In less than a fortnight, the shortlist will be announced. My progress? Slow. I've read four and none of them were long. I seem to be struggling with the contenders this year. Is it ennui? Or am I just not in tune with the judges' selections this time round?
Wyl Menmuir's "The Many" seems to be telling us the now familiar tale about the fate of incomers to small rural villages - in this case, Cornwall. Timothy is the "emmet" who's bought a long deserted house sight-unseen. The previous owner, Perran, drowned ten years previously, but no-one will talk about it, or him - for no good reason that I can tell. Timothy appears to have bought the house on a whim following a visit to the village some years previously with his not-yet-wife. Why he would choose to return is incomprehensible, as the visit seems to have been entirely unsatisfactory and demonstrated the nature of the locals.
But more than the local weirdness, there's something wrong with the water, something wrong with the fish, the fishermen are regulated inside a border of permanently parked container vessels and any catch is purchased by a shadowy woman with two goons in suits. Ethan, our secondary character, is one of four remaining fishermen. Taciturn and unable to keep crew, he and Timothy end up going out together and pass the container ship boundary.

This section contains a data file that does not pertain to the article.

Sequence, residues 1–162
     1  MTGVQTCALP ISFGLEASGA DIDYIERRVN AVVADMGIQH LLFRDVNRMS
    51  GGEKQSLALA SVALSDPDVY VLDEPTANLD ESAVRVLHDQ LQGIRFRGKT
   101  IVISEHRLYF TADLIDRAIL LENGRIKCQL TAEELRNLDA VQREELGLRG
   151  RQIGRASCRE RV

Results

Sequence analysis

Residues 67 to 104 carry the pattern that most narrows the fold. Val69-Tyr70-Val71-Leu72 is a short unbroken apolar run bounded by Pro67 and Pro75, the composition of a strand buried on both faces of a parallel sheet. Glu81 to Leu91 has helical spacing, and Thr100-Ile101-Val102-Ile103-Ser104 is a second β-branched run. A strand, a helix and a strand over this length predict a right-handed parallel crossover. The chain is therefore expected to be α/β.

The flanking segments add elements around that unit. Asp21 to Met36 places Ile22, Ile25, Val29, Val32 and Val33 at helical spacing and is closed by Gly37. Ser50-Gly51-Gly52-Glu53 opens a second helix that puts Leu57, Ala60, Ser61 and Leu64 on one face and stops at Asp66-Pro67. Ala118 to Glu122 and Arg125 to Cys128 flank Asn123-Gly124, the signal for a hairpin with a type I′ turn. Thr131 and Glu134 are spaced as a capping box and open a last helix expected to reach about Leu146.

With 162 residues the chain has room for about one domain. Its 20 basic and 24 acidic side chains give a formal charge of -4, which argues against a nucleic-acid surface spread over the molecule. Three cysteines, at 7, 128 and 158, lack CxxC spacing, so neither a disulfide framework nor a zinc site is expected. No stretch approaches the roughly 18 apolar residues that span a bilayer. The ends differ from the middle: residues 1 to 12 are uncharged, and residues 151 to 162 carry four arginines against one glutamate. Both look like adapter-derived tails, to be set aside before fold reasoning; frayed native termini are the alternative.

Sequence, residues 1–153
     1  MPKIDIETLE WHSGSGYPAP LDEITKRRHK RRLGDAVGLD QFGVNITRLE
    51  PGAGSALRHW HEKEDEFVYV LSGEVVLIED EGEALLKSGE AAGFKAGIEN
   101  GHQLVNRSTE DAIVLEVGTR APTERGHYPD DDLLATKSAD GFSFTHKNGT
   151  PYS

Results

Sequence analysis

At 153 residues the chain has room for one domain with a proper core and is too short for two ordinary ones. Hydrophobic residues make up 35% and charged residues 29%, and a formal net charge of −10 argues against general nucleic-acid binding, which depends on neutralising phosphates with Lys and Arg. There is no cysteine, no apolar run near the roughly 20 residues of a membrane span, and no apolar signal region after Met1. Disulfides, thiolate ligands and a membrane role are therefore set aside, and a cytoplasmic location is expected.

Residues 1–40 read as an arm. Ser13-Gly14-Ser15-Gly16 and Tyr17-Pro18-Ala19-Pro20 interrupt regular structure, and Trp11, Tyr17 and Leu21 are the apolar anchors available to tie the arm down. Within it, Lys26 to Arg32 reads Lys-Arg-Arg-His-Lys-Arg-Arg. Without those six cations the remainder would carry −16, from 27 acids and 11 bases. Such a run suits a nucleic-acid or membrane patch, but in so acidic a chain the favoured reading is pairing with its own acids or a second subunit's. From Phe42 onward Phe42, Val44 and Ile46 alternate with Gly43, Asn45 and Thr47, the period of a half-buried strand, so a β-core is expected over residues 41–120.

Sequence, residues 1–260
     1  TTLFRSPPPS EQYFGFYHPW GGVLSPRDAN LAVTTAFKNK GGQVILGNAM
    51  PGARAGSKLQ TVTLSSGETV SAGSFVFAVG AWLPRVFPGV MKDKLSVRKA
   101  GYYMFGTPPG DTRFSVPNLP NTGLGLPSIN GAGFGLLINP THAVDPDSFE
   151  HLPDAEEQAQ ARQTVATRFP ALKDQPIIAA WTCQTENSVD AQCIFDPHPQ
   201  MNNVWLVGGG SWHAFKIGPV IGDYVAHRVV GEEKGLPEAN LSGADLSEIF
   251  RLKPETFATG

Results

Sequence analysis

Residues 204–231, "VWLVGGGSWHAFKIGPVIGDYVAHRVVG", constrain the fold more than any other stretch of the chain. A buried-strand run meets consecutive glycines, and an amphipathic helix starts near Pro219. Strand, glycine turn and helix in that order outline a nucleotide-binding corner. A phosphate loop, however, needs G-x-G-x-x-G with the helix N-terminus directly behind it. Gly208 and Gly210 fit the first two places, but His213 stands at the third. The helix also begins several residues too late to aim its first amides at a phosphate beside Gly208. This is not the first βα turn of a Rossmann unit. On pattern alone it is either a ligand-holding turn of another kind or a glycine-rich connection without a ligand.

Timothy has a lot of odd dreams and a string of flash-backs. Just as the book is coming to a close, one of those flash-backs tells of his still-born son, Perran, and the whole book changes. It seems, after all, to have been the a story of one man's grief - whether it's all a dream or whether the house is bought as an escape from grief - I've yet to decide.
Ottessa Moshfegh's "Eileen" is pretty much all character piece and minimum plot. A meticulously observed piece of writing, Eileen has a pretty disgusting upbringing which results in a pretty disgusting early adulthood. Her parents are both angry alcoholics, until her mother dies leaving Eileen to live with her ex-policeman father. Angry, drunk and self-absorbed, Eileen wallows in filth, whilst dreaming of escaping.
Working at a prison for young male offenders where the regime is harsh and driven more by religion and punishment rather than a desire to rehabilitate, Eileen has fantasies, even stalking a male guard. That is, until she meets Rebecca, a striking-looking, intellectual liberal. That meeting leads to an almost casually accidental murder and Eileen's escape from her old life.
Someone described this book as "self loathing as an art form" which is an excellent description that says - succinctly - why I simply couldn't like it.
The Old Shelter
Iain Kelly Writing
Bit 2 Read
A Back of the Envelope Calculation
No Love for Fatties
What are They
Petrichor and Clouds